Each tile shows one of four different birds and one of four different flowers on it. You get points for matching adjacent birds when you place the tile, and at the end of the game you get points for lining up rows of matching flowers. The kicker is that you score your flowers only from your perspective in the hexagonally-shaped play area. Unfortunately this means that three is the maximum number of players in a game of Seikatsu. On the plus side, that gimmick is a wonderful little twist of the brain that makes game decisions all the more interesting. Did I mention that this game is absolutely beautiful?
Another game I only reviewed recently, and another gem. You bid for ownership of F1 racing cars and then race them around the track, trying to block people through tight corners and make them waste cards pushing your car ahead instead of their own. End up with a stinker? Don’t worry, you can bet on which car will win and secretly help it to victory. I bought this on the spot when I first played it at PAX Unplugged. It’s great.
Sherlock Holmes Consulting Detective
Are your families and friends on the more bookish side of things? Do you think they’ll like the idea of gathering around for a couple of hours, notebooks in hand, and solving a Sherlock Holmes mystery? Well, that’s exactly what Sherlock Holmes Consulting Detective is. You get a map of London with dozens and dozens of locations, a comprehensive address book, a newspaper, and a mystery to solve with what appears to be little relevant information.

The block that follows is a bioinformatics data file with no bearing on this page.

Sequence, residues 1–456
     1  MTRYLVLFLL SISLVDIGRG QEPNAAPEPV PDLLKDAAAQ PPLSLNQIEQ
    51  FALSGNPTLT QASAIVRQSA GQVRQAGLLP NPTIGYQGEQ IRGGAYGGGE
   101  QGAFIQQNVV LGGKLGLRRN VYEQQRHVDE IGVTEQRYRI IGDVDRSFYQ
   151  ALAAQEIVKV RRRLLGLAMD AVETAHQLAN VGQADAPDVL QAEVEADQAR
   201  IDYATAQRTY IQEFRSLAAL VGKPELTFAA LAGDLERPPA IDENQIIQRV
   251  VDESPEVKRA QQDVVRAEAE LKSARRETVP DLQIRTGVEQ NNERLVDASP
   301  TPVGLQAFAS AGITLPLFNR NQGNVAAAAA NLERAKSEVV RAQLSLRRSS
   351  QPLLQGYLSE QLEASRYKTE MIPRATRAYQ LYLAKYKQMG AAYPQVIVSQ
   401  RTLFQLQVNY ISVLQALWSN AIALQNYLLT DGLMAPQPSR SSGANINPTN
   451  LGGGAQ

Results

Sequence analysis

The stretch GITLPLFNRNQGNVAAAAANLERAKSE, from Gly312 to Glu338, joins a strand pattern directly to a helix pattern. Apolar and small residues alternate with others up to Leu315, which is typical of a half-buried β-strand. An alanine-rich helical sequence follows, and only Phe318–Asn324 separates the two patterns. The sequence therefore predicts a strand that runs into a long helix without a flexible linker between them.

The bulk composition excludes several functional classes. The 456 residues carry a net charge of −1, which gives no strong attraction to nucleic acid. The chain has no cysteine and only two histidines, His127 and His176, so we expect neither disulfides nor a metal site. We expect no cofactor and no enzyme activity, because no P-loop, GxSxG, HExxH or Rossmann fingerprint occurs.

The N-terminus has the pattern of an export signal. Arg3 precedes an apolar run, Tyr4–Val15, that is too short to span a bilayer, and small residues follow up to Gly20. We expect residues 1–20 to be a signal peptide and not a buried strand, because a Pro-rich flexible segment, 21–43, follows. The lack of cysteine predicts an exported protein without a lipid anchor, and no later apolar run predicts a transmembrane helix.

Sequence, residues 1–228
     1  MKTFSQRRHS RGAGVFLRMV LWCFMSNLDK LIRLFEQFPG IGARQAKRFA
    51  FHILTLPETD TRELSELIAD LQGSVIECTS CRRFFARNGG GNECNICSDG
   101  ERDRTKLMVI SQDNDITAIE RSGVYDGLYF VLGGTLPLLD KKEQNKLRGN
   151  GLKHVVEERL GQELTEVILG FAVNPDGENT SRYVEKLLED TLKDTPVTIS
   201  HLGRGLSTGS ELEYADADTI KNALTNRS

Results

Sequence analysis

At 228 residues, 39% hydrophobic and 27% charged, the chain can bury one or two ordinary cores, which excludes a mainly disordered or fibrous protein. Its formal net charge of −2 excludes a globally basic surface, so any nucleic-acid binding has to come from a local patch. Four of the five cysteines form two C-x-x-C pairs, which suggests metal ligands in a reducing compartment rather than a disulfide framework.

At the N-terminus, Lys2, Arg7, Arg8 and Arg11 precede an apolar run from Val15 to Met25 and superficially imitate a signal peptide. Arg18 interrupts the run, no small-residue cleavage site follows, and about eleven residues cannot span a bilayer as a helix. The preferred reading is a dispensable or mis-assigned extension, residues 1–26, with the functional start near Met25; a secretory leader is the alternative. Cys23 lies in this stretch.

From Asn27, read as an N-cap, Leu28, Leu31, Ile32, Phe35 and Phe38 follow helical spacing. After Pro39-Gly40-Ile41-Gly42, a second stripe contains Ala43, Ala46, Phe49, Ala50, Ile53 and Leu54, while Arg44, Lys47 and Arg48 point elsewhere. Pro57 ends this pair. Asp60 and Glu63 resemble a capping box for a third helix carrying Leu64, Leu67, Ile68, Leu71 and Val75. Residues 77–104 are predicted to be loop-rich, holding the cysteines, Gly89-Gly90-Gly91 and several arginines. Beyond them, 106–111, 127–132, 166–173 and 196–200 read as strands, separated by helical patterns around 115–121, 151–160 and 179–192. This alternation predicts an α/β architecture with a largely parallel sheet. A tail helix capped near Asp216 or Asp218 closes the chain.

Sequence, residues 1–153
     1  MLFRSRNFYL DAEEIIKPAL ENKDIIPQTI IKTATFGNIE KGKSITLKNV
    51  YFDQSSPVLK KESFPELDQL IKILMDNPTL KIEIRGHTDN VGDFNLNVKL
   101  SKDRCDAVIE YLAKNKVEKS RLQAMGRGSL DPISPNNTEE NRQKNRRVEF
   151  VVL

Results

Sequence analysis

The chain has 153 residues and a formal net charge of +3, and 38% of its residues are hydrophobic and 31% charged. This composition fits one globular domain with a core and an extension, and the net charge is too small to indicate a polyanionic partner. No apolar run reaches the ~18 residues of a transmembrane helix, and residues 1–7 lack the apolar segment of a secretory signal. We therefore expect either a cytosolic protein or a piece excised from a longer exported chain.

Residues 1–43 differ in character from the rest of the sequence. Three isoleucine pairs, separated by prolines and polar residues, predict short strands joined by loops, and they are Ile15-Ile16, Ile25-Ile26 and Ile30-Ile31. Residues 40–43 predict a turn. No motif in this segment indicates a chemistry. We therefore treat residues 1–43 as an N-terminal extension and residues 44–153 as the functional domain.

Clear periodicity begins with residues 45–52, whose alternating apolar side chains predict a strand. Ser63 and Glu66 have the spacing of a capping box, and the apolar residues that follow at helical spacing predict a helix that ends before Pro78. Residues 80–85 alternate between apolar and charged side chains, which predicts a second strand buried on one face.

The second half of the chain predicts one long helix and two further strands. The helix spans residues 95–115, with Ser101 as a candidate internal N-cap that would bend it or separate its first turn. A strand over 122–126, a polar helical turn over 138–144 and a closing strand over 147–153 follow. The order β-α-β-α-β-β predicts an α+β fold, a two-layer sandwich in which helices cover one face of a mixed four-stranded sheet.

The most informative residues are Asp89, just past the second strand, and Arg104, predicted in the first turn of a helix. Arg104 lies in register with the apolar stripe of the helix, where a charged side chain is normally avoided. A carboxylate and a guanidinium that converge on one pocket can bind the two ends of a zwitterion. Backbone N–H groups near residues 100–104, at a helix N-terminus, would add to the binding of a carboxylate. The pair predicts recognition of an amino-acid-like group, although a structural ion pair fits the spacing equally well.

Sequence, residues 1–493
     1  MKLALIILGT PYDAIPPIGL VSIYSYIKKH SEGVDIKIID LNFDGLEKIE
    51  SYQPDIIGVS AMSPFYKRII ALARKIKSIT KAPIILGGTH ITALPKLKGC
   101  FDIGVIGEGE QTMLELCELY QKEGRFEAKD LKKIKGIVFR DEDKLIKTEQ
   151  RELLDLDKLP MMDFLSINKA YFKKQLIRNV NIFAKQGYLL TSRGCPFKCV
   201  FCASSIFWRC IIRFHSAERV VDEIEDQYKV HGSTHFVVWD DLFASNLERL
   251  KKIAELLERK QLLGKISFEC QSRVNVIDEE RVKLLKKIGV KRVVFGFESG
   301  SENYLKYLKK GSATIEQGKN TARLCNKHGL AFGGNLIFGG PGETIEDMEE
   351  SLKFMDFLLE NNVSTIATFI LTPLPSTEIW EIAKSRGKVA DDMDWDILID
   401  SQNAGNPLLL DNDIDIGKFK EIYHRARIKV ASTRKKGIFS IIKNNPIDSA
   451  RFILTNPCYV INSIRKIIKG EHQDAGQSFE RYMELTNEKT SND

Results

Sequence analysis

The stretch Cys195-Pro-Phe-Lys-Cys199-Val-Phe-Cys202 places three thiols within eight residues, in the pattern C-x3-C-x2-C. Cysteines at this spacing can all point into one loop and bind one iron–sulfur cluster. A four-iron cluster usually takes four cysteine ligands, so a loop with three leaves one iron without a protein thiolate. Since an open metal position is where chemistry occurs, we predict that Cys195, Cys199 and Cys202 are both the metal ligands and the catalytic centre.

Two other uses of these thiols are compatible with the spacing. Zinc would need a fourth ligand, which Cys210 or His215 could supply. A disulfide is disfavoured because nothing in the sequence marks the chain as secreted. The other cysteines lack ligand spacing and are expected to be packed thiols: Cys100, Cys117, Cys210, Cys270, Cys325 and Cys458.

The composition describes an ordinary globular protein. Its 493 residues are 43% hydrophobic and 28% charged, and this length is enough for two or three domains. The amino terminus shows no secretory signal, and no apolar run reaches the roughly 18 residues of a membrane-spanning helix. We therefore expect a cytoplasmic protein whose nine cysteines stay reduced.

It’s a freeform exercise of deduction, frustration, discussion, and shots in the dark. You simply decide to go to a location, flip to that spot in the mystery booklet, and see what happens. As you start to interview people and snoop around locations, you’ll get clues. Or are they? Nothing about this game holds your hand and that’s the beauty of it. This is an intelligent mystery book in game form. It wants to challenge you and drive you to dead ends and, most importantly, make you feel brilliant when you do find a good lead. You stop playing whenever you feel like you’ve figured it out. Then you flip to the back and find out that everything you thought was wrong. Then Sherlock mocks you. Then you hate him. Then you open up the next mystery (10 in all), determined to do better.
Bunny Bunny Moose Moose
What a dumb game. It’s not even particularly good. It has a silly name and silly artwork and the rules are weirdly more complicated than what you’d think they should be. But it’s a game about posing as a moose or a rabbit while someone reads Germanic poetry like you’re part of some avant garde stop-motion dance ritual.
It’s so, so dumb. But you will laugh so, so much. Worth it.